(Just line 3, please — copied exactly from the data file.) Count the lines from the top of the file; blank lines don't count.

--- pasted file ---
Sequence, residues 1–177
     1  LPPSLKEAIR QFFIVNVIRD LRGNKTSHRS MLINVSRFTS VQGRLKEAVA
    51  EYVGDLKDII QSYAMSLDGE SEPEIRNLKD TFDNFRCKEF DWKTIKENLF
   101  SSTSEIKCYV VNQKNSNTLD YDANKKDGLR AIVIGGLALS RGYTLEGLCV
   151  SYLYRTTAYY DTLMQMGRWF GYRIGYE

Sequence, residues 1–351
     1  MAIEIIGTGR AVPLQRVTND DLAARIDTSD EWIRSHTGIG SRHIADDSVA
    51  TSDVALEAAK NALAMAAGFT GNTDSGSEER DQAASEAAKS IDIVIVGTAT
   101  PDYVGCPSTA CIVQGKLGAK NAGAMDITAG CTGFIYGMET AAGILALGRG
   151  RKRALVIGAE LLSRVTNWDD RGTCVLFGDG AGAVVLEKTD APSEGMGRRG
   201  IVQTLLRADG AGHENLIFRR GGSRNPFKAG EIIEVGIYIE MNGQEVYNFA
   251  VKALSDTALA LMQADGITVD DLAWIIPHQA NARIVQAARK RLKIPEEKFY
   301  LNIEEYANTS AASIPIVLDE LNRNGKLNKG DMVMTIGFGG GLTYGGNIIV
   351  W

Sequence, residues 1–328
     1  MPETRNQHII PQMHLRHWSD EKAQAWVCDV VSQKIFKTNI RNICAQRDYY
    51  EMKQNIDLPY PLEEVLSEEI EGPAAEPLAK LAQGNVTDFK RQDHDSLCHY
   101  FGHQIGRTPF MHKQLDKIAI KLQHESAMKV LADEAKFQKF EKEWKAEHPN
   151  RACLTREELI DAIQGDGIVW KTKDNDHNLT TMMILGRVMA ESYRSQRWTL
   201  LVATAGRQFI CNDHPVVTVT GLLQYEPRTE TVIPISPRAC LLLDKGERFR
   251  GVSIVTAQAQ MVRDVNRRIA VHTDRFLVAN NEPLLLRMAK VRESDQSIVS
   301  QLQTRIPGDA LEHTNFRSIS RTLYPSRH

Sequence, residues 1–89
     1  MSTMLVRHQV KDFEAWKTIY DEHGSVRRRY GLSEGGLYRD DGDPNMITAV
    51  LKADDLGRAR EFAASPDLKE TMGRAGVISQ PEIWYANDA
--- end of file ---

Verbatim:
    51  EYVGDLKDII QSYAMSLDGE SEPEIRNLKD TFDNFRCKEF DWKTIKENLF